Where Do 80 Percent Of All Accidents Happen When Climbing Mt Everest

Mount Everest

I’ve watched several shows on mountain climbing over the past few weeks and out of curiosity, searched for “how much does it cost to climb Mt Everest?” The result shocked me – the average trip costs $65,000 and takes two to three months. Yes you can do it for less, but in the world of high stakes mountain climbing into “the death zone,” do you really want the cheapest guide service?

Another statistic shocked me as well: 80 percent of all accidents that occur when climbing Mt Everest happen on the way down.

That means that despite overcoming incredible odds, numbing cold, a lack of oxygen, possible snow blindness, and incredible fatigue, not to mention the risk of falling from a 1,000ft cliff of solid ice, almost all accidents and deaths occur AFTER a climber reaches the summit. They happen after the goal has been reached, after the triumph, after the cheers and slaps on the back, after the celebratory satellite phone call, after the once-in-a-lifetime photo op. After spending months in preparation and tens of thousands of dollars.


It occurred to me that when it comes to goals, particularly financial goals, we expend so much energy in achieving them, that we forget about the way down. Too often, all our thought processes lay in hitting the goal, not in the plans for “happily ever after.” We pay off all our debt only to charge those credit cards right back up less than a year later. We create our emergency fund, use it for an emergency and then fail to replenish it. We set up an online savings account and fail to fund it. We put a few dollars away for the kid’s college only to never revisit it again. We buy tax software early in the year and wind up filing for an extension.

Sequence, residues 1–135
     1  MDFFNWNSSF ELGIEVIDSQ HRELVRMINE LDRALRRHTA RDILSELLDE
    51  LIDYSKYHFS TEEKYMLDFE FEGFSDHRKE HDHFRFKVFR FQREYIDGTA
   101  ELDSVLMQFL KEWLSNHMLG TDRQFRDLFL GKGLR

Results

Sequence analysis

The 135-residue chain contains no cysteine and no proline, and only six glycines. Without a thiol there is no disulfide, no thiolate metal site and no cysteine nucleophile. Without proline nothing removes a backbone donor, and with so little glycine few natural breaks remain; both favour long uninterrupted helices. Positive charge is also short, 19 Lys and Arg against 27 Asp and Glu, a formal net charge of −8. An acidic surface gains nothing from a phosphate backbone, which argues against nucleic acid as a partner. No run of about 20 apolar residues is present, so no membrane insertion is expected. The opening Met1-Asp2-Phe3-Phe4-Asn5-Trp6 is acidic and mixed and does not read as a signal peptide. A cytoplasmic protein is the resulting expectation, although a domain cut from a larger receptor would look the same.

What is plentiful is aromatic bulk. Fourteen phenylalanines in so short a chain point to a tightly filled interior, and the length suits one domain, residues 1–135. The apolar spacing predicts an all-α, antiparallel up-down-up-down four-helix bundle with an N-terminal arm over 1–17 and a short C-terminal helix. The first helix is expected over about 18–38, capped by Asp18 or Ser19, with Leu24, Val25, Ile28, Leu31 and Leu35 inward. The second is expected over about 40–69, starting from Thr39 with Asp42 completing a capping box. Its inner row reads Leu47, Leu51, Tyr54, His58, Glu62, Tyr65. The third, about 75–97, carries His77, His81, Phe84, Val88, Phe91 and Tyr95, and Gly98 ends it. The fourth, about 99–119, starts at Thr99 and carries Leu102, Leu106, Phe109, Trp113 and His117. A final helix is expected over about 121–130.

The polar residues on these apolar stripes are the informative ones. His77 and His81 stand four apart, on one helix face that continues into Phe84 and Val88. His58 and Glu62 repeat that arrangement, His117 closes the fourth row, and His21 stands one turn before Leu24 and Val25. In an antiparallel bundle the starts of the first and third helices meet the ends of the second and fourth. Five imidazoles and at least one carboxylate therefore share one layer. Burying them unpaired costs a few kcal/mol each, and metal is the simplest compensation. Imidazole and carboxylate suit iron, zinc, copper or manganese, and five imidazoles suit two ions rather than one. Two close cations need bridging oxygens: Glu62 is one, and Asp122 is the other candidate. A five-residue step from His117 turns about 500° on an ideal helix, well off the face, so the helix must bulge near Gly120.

We’re great at setting and even achieving goals, but we’re pitiful at the “what’s next?” portion. I think we become overly confident in our ability to achieve and then slip, having our own accident on the way back down the mountain.

So the next time you set a goal, don’t just set a time limit for achieving it, set up a plan for what to do next.

  • How will you live once you’re debt free?
  • How will you replenish your emergency fund should you be forced to use it?
  • How will you fund your children’s college education regularly?

Decide ahead of time, how you’ll handle the challenges of coming down from your own personal Mt Everest. Be careful, but more importantly, be intentional.

Photo by apurdam (Andrew)

JD from Get Rich Slowly included this article in the Carnival of Personal Finance #243: Valentine’s Day Edition. Thanks JD!

About the author

Ron Haynes has written 1091 articles on The Wisdom Journal.

Ron is the founder and editor of The Wisdom Journal. He has worked in banking, distribution, retail, and upper management for companies ranging in size from small startups to multi-billion dollar corporations. He graduated Suma Cum Laude from a top MBA program and currently is a partner in a national building materials company.

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